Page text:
5. Hello, finally got round to processing some 35mm still tri-x at home using R09 one shot and leaving if for an hour with a little agitation at the beginning and middle. Then stop and rinse. I liked the results but I fear this might be too much for smaller formats. I've got a dusty lomo tank and I was thinking it may be better with Acufine, do I need to use any other chemicals? I want to get as fine results as I can before sending them off for a telecine, also if anybody as any tips on how to store them afterwards so them don't get damaged that would be great. A long time film lover, but I'm very new to processing at home.. Thanks for any help. David
  6. Dear Cinematographers, For a silent short film on which I am working, I desire a grainy and dark texture. I am using Tri-X super 8 black and white film. I thought perhaps that, to my unguided reflection, it would be best achieved by underexposing two stops and then using a one-stop push in processing. Would any untoward complications arise in doing so? Would there be any superior alternative? Thank you in advance. Sincerely, K. Cassidy-Gabhart
  7. Tri-X anomaly in photographing nukes in the 1950'sI have been working on a project for a few years now in researching atomic testing photography from the 1950s and 1960s. There is a certain type of photography done on a camera called the Rapatronic which was developed by EG&G (Doc Edgerton's company). The Rapatronic took single shots. Two type of rapatronic cameras were developed. The original camera which has a basic exposure of 4µsec photographs the image onto a 3x4 glass plate. The newer Rapatronic (developed in 1956-1957) had a basic exposure of 5µsec and was imaged on 3x4 sheet film. On all of the sheet film negatives, there are additional images of what looks like what is called a "corona discharge" or similar to krilian photography around the blast. I believe this is in the UV range and if photographed in color, would be bluish purple. However, this additional imagery shows up only on the sheet film at 5µsec exposure whereas the same image, shot with the same focal length lens, same film type (Tri-X) on glass and NO FILTRATION on either, does not show this anomaly at all. Not even a hint of it. Is it possible that the Tri-X sheet film and Tri-X glass plate react to images and spectrum differently, especially in the UV range that would explain why anomaly shows up on one but not the other. Is the difference between a 4µsec and 5µsec exposure that great? Maybe 1/3 of a stop difference? Any thoughts?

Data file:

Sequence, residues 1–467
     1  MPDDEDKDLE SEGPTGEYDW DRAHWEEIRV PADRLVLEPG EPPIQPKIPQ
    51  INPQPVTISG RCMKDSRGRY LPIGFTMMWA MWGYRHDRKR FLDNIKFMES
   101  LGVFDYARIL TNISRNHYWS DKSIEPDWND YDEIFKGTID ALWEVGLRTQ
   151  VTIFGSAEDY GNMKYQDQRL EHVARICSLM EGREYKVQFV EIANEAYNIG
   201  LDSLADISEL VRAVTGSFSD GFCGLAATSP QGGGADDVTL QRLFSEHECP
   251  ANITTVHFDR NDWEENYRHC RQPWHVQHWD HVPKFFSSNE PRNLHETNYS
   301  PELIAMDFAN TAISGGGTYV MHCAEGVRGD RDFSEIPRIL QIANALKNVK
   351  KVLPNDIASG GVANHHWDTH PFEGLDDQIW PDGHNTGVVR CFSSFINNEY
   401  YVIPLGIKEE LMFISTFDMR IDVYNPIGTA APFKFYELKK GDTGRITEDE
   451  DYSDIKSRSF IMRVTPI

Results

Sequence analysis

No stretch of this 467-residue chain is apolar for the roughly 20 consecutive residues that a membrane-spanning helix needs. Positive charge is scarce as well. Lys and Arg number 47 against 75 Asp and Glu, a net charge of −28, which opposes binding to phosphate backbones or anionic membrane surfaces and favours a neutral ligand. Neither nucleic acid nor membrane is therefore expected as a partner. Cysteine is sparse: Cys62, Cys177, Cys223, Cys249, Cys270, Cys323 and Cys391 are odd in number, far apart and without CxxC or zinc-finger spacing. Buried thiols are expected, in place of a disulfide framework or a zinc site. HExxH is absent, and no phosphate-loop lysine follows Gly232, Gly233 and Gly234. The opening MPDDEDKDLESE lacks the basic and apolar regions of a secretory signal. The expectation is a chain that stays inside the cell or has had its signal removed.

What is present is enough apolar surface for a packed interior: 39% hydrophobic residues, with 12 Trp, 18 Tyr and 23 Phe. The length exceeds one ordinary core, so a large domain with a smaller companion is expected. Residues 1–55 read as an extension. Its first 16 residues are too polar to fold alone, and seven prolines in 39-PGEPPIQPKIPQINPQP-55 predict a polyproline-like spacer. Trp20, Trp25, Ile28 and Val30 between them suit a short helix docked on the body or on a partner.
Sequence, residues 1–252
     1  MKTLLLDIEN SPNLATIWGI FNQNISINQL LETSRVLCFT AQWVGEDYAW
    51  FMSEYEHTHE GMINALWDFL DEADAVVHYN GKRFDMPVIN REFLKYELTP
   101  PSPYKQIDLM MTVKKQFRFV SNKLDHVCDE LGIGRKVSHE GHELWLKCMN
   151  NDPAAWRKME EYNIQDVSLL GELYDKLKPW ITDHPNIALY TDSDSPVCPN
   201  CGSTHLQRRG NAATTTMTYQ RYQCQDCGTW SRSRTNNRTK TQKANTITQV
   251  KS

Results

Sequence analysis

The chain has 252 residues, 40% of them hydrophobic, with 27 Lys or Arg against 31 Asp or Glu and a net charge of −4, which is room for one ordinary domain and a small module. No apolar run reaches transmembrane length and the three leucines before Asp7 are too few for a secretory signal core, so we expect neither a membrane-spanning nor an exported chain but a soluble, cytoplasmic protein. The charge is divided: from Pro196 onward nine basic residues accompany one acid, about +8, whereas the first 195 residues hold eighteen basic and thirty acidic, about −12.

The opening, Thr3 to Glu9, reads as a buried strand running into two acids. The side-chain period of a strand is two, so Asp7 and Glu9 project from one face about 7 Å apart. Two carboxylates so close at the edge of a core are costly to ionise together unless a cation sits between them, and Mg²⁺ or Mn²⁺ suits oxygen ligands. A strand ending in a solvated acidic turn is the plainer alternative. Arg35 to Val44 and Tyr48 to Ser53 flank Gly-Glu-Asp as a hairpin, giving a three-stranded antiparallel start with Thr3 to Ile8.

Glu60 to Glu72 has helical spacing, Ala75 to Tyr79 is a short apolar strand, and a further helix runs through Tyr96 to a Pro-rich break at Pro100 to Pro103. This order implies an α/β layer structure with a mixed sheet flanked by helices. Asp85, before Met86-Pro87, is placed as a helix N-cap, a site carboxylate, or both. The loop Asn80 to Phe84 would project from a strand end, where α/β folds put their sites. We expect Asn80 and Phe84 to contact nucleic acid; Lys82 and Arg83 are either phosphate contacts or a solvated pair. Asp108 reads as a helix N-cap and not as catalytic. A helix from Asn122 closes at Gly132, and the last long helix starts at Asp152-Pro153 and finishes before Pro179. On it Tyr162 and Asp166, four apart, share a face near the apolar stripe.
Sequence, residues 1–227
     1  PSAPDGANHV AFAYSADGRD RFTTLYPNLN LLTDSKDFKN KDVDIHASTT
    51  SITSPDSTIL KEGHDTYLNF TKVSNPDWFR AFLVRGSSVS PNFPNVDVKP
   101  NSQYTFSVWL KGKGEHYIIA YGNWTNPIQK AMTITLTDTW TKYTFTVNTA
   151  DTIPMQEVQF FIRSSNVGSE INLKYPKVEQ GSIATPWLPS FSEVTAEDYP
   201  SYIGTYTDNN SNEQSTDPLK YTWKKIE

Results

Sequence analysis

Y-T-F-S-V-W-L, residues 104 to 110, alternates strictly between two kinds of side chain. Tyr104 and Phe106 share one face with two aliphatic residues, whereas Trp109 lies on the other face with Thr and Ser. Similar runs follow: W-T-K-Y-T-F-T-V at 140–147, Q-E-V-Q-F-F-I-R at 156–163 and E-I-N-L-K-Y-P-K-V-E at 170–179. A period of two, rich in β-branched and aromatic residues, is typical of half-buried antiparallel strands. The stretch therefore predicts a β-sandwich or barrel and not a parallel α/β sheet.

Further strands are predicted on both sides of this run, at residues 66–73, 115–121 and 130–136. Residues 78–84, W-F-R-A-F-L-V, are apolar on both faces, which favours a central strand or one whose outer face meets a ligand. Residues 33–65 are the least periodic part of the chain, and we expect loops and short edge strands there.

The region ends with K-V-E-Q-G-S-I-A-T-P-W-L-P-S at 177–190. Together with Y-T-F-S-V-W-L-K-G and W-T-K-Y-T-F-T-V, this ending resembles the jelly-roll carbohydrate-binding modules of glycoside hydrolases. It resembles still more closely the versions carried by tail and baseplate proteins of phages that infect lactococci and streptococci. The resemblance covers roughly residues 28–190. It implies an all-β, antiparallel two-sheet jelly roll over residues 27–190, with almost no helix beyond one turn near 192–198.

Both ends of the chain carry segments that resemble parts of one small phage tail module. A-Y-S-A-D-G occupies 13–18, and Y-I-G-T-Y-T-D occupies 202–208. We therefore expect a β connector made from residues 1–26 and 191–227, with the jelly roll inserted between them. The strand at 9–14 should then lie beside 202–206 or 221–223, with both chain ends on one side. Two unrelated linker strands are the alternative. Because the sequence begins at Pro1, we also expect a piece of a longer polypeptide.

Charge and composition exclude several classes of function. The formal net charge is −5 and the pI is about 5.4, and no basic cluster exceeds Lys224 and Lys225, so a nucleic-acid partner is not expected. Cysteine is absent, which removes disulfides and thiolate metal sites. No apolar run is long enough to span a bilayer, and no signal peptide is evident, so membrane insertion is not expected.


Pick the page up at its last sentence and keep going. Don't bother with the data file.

8. I am seeking some advice/input on the possibility of developing Super 8 Tri X film at home using the Caffenol C-H recipe. I am experienced in developing 35mm Tri-X Negative film (for still photos) using this recipe and have gotten results that I am happy with. I am looking to shoot some Tri-X Super 8 film which I know is reversal. Say I am only looking to get a negative, would my same process (wash, dev, stop, fix, rinse, wash, dry) for still 35mm Tri X work with Super 8? Will I get a useable negative? Could I stuff the film into my 20 oz developing tank that I use for my 35mm rolls? Or would I need to buy something a bit bigger? Thanks.
  9. Hello, I'm trying to process Tri-x super 8 in a Morse G3 tank for the first time. Except for a couple frames at the beginning and end of the roll- it's all coming out as negative. What point in the process could I be messing up that's causing this? Does it sound like insufficient re-exposure? Thank you in advance for your advice. I haven't posted on this forum before but I've been reading it for a while and I really appreciate the resource.
  10. FOR SALE: Just serviced Canon AF514XL-S AUTO FOCUS Super 8 Cine Camera. FULLY TESTED using Tri-X, with a crystal clear lens and in perfect working order. Trade / Offers around the £65 GB Pounds (about $100 US Dollars) mark please!
  11. Hi, Here we are in the twilight of motion picture reversal stocks. Be that as it may be, I have spent the best part of a year learning how to load my K-3, I finally got it, and today no film jams - smooth running on Tri-X all the way ;) I have a new lens as well, the last one was full of lens fungus :-o The mirror through the viewfinder is dreadfully tarnished. It doesn't really bother me that much, but can I clean it? Shame to have a grubby mirror if it can be cleaned up a little. Am in the UK btw so anything I do will have to be DIY, I don't think there are any K-3 boffins over here. Many bests, Ric